School choice, competition and ethnic segregation in Lancashire : evidence from structural models of two-sided matching

Weldon, Matthew Philip and Titman, Andrew and Sherlock, Chris (2017) School choice, competition and ethnic segregation in Lancashire : evidence from structural models of two-sided matching. PhD thesis, Lancaster University.

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This thesis uses administrative data from the National Pupil Database (NPD) to examine the phenomenon of ethnic sorting into English secondary schools. The thesis investigates the contribution of parental decision-making to observed patterns of school segregation, and also argues that sorting influences the efficacy of competition-based policies for ed- ucational improvement. Focusing upon three towns with ethnically-mixed populations in the North West of Eng- land – Blackburn, Oldham and Preston – the thesis investigates the hypothesis that segregation can be explained by the aggregate effect of individual choices. It is proposed that parents’ preferences for the ethnic characteristics of school peer groups, and socio- economic differences in parental regard for school test score performance, are important factors in contributing to uneven sorting in schools. The impact of sorting on market structure is also examined, both in relation to the amount of choice that parents en- joy in segregated school markets, and the amount of competition that schools face from neighbouring schools. In order to study school choice in the three markets, the thesis develops a random utility model for parental preferences, incorporating proximity, test scores, and preferences for ethnic peer groups. However, data on individuals’ choice of school are lacking in England, and data on pupil allocations from the NPD do not relate straightforwardly to preferences, since popular schools have limited capacity. To deal with this limitation of the data, the thesis adopts a structural game-theoretic model of two-sided matchings, and develops an innovative method to estimate the parameters of the random utility model. In developing the method the thesis considers the inferential properties – notably identification and large-sample bias – of two-sided empirical models, and provides simulation evidence to support the use of such models for estimation of preferences in large many-to-one markets. The thesis contributes to the, hitherto primarily US-based, evidence on ethnic self- segregation in schools. It concludes that there is robust evidence that preferences for ethnic peer groups contribute to sorting in the markets studied. The thesis also presents evidence that different socio-economic groups place different weight upon academic per- formance when choosing a school. In relation to the effects of sorting on competition, the thesis shows that peer preferences and sorting reduce the potential for schools to compete on quality. Finally, the thesis concludes that preference-induced sorting not only hinders the establishment of self-improving school markets, but also inhibits the inter-group contact necessary for socially-cohesive, diverse communities to flourish.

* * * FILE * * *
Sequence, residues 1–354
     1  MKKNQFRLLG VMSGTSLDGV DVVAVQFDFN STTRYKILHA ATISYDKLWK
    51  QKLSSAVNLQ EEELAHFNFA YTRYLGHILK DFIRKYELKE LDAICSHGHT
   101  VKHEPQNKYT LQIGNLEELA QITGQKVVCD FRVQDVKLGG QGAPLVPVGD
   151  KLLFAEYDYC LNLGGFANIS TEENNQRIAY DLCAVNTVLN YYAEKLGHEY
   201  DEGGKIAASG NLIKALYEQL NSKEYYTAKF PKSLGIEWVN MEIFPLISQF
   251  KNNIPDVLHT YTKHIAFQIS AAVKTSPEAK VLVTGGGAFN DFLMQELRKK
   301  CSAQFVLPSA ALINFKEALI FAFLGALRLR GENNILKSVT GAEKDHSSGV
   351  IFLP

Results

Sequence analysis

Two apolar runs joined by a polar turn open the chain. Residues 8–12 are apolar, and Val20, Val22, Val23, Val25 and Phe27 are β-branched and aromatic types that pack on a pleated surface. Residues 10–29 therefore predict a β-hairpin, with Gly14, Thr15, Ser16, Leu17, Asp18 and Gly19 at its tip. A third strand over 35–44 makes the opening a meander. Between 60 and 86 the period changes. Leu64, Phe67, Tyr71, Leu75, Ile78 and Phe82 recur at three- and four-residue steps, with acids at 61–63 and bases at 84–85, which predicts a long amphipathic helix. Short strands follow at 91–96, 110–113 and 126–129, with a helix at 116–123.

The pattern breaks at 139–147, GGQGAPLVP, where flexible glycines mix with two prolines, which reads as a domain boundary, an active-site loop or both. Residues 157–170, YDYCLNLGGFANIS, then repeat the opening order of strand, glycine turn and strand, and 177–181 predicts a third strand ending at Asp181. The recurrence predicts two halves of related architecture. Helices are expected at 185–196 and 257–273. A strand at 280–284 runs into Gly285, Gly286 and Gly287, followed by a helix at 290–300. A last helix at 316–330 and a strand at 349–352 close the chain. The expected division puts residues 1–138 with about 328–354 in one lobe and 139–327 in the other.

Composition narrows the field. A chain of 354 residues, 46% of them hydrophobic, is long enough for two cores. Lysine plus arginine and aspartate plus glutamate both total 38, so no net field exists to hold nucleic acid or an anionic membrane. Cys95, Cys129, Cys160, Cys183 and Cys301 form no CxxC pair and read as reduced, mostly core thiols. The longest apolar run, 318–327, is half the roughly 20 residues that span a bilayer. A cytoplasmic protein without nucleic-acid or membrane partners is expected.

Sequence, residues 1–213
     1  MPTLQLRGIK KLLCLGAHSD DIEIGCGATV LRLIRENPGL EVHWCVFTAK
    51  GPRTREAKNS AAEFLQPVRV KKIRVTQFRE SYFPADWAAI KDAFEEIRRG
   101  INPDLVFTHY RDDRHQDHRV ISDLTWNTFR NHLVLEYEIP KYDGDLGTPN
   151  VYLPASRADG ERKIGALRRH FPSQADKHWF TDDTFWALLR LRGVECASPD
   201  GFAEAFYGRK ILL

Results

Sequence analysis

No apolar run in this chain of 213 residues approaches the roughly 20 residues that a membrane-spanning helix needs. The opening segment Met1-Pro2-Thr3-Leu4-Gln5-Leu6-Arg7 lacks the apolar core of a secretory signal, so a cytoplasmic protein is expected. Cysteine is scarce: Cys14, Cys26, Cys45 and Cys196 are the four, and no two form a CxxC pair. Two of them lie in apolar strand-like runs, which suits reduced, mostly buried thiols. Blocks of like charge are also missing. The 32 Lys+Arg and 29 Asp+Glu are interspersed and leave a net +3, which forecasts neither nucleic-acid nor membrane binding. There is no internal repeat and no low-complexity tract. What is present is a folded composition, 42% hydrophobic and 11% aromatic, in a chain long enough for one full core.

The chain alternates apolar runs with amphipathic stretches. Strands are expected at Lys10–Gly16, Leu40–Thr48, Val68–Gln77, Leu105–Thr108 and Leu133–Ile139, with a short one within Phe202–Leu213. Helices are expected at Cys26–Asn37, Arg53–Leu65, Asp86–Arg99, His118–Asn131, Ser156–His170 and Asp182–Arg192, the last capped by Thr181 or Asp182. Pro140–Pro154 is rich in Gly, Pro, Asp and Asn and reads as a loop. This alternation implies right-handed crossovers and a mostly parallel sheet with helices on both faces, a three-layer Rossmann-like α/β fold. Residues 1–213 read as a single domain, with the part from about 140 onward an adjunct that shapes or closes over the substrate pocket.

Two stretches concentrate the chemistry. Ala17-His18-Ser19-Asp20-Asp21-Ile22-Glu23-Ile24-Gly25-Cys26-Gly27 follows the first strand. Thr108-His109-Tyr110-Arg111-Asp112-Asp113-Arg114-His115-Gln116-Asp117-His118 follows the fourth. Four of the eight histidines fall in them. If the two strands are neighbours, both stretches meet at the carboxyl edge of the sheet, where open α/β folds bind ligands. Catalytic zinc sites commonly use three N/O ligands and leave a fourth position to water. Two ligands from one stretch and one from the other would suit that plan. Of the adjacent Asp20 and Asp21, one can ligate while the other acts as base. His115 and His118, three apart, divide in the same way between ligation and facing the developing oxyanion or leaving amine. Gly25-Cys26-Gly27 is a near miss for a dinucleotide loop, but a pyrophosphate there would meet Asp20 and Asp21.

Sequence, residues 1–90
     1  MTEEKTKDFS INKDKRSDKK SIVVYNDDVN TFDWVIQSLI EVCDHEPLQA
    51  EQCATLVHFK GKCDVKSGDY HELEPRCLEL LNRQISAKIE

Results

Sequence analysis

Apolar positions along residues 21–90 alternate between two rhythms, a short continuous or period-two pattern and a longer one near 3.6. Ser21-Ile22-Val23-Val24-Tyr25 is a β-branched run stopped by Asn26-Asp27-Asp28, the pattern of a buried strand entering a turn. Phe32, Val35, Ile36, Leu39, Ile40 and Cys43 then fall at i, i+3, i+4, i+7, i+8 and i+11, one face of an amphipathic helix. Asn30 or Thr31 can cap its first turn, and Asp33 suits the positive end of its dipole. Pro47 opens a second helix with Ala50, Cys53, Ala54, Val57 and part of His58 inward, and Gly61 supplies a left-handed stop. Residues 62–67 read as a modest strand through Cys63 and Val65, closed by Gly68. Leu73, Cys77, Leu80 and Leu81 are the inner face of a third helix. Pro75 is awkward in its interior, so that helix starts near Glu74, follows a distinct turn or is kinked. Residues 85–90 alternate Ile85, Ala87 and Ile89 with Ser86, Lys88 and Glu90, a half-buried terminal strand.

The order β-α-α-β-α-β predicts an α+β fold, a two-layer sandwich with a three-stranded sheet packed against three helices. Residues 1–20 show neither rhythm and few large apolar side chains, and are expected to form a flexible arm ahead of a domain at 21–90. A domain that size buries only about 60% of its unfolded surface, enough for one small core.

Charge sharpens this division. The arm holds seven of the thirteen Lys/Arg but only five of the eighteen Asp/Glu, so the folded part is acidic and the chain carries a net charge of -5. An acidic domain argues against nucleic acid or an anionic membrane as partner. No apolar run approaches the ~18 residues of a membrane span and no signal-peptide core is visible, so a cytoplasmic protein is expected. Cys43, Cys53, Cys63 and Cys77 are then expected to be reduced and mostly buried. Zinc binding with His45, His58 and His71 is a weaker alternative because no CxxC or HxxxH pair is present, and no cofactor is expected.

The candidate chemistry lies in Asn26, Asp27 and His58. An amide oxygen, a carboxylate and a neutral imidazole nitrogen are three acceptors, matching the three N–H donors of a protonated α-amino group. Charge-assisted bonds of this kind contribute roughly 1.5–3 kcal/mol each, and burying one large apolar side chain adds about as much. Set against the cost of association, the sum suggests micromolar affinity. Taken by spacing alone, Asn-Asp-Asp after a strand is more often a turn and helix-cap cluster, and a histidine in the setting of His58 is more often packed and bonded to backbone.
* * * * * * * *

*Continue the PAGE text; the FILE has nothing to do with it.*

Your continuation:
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20 Jun 2017 08:28
Last Modified:
16 Jul 2024 05:38